World’s population is aging at a very fast pace with 8.5% of current population being aged 65 years and above. Indian figures also reflect the exponential growth in number of older people. With advancing age a myriad of health-related problems arise. Due importance is given to diseases associated with high mortality such as malignancies, diabetes, and cardiovascular illness. However, skin diseases though being prevalent lack priority. This study is being conducted to identify the common geriatric dermatoses prevalent in sub-Himalayan region of Uttarakhand and also to assess their effect on the quality of life.
The aims of this study are to study the pattern and frequency of dermatoses in patients aged 60 years and above and to assess the effect of dermatoses on their quality of life.
In total, 117 patients aged 60 years and above presenting to Dermatology outpatient department were recruited from 1 August 2018 to 31 October 2018 after obtaining written informed consent. Socio-demographic details, presence of co-morbidities, and dermatological complaints were recorded on a data collection form. Skin diseases were categorized into seven categories for statistical analysis. For assessing the effect of dermatoses on the quality of life of participants, Dermatology Life Quality Index was administered.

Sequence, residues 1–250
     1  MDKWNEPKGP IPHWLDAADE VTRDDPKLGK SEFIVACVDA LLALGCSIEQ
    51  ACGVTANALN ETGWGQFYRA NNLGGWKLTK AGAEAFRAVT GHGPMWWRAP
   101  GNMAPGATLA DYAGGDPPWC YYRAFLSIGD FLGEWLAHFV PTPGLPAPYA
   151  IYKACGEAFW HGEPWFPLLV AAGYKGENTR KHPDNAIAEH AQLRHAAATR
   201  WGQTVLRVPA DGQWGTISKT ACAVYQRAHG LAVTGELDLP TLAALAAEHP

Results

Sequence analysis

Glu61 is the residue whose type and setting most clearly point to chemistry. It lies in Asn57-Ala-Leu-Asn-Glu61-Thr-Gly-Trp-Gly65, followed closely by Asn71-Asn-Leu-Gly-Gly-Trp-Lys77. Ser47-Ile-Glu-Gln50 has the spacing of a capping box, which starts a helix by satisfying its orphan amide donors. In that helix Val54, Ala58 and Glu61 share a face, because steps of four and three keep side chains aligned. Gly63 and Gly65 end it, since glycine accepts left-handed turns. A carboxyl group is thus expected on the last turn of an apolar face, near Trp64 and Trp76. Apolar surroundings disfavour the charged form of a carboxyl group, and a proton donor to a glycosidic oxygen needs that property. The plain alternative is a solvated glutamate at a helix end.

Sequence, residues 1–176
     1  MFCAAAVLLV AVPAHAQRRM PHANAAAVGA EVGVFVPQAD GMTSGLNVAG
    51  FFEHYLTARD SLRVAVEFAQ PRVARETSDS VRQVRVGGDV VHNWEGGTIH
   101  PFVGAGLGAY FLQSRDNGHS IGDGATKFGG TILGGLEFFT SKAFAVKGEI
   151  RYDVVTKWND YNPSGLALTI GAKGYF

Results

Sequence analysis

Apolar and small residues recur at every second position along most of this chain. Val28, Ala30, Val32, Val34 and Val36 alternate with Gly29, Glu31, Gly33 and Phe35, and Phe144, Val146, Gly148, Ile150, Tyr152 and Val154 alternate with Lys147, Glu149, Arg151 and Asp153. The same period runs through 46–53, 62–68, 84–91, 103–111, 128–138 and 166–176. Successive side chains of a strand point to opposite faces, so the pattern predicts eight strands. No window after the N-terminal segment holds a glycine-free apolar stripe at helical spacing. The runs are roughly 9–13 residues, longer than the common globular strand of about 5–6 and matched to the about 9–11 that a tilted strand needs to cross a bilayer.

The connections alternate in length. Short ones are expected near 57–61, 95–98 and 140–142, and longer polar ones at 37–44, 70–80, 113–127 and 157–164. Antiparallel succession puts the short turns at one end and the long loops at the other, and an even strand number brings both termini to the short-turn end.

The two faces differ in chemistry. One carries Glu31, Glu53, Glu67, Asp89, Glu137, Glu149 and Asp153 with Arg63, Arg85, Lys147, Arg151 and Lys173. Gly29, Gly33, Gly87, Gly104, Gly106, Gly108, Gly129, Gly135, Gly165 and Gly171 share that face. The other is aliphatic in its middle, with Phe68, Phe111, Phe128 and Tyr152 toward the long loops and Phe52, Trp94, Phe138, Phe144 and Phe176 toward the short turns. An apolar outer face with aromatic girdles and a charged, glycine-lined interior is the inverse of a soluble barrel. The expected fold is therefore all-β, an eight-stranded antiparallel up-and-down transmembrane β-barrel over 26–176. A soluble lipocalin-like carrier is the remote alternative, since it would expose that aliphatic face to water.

Out of 117 patients, two-thirds were males. Mean age of patients was 68.60 ± 7.011. Out of total, 40% patients had one or more comorbidity. Erythemato-squamous disorders were the commonest dermatoses seen in 40% patients. This was followed by infections and infestations (33.3%). In total, 17% patients had senile pruritus and age-related skin disorders. Around 16% reported moderate to large effect on their quality of life.
Skin diseases are an important cause of psycho-social morbidity among geriatric population. Their special needs must be addressed by making appropriate changes in national health policies. It is imperative to include skin health as a component to assess the overall wellbeing of geriatrics.

Copyright: © 2020 Journal of Family Medicine and Primary Care.